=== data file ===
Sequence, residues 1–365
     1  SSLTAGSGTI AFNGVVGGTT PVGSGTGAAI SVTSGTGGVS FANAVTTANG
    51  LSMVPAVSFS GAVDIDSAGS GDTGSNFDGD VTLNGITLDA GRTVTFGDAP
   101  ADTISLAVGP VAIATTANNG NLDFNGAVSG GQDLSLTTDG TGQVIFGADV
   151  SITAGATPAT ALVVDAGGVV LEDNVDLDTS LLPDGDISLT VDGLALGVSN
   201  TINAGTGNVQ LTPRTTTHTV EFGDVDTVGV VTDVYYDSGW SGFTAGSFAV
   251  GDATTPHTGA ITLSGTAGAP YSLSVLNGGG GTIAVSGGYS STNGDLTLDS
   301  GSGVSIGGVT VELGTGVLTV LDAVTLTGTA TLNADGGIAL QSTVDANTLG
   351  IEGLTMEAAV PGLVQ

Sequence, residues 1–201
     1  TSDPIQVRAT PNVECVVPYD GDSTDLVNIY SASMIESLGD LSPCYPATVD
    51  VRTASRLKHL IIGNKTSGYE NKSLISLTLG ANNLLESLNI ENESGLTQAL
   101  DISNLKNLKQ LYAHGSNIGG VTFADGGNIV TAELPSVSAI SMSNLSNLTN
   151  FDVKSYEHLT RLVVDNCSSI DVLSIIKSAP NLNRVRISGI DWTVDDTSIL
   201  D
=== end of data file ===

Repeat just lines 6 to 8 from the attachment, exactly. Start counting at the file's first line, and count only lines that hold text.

   201  TINAGTGNVQ LTPRTTTHTV EFGDVDTVGV VTDVYYDSGW SGFTAGSFAV
   251  GDATTPHTGA ITLSGTAGAP YSLSVLNGGG GTIAVSGGYS STNGDLTLDS
   301  GSGVSIGGVT VELGTGVLTV LDAVTLTGTA TLNADGGIAL QSTVDANTLG